The “special needs” of the parties and counsel in business cases in all of these states are identified as more timely, rational, legally correct and predictable resolution of these disputes. It is also important that these disputes be resolved or decided in a manner that recognizes that unlike many other types of cases, an untimely, i.e. arbitrarily and unduly delayed resolution of a case or dispute may literally devastate economically one or both of the parties’ ability to continue to operate particularly in an economy such as the one we’re in now. Similarly, a legally incorrect, impractical or illogical ruling particularly on a Request for Temporary Restraining Order (TRO) or a Preliminary Injunction can unfairly and irreparably leverage a business party’s position so that it cannot recover legally and more importantly financially and operationally. At best legally incorrect, illogical and/or untimely, i.e. unduly delayed resolutions of business disputes unnecessarily cause great difficulty for business organizations and their lawyers as well as other professionals in accurately quantifying risk not just in specific cases but generally going forward in their operations.
ADR has been integrated into all of these “Business Courts” as a means of meeting these needs in various forms. Those forms are:
1) Formal “Settlement Conferences” are not “Mediations” for among other reasons insufficient time is allotted by the courts to conduct a Mediation. In fact, in many instances not enough time is allotted to have a meaningful settlement conference. Unfortunately, the number of cases processed is deemed to be more important than the quality of the results. At worst, when this kind of program is established, it is usually by administrators and/or presiding judges who have no background, or training in business litigation and do not understand that the techniques of ADR which can be effective in resolving business disputes are not the same as those used to resolve simple motor tort cases. At best this technique, if presided over by a judge or attorney with a background or training in business litigation, can provide a valuable “Neutral Case Evaluation”.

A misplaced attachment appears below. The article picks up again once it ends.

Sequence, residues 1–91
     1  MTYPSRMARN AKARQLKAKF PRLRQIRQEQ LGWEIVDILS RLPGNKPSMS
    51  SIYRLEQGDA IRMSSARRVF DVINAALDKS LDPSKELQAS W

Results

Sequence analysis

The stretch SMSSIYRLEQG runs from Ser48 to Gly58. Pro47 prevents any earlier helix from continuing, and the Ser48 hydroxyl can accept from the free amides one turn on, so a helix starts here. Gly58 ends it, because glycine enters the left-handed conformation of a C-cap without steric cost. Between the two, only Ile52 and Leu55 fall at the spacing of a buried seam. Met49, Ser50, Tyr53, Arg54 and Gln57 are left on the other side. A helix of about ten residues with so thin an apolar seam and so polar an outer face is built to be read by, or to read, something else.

2) Mediation An experienced and thoughtful Business Conflict Mediator, who is trained as a mediator and understands the unique nature of business disputes recognizes that
Mediation is a process not an event.
That means that the process of mediation in certain complex business disputes can take days, weeks, or even months and sometimes has to be staged. Information which may not be known or even available when the mediation begins may need to be exchanged or even developed. Disclosure of certain information particularly that which may be arguably proprietary, may be both an internal and external issue. The trade-off between maintaining confidentiality for the tactical reasons, i.e. reserving of information for litigation purposes and thereby reducing the possibility of settlement may need to be explored by both counsel and client with a mediator facilitating the process. This is almost a sub-mediation within a mediation.
This is particularly true in intellectual property disputes where science may affect the value of the case. It is also a factor in cases involving financial losses where the nature of the market affects evaluation of damages. Specifically, where further scientific and/or economic analysis based on newly acquired information may be essential to developing an accurate assessment of risk in order to determine the leverage that a party may have in the litigation and how that can change as time goes on may well be ongoing as the mediation and the case progress.
3) Arbitration The challenge to this form of ADR which is not often met these days is to insure that this process doesn’t become a process that is just as lengthy and expensive as litigation. This can be difficult because accomplishing that goal while at the same time insuring that the process does take into account the special characteristics of business disputes and the necessary balance between economy and efficiency and fairness. Fairness in these unique disputes requires the exchange of certain information which should be considered to intelligently decide the merits of the case.
Future columns will describe the methods and techniques which can and should be utilized in resolving these disputes whether they be mediated, arbitrated, or neutrally evaluated.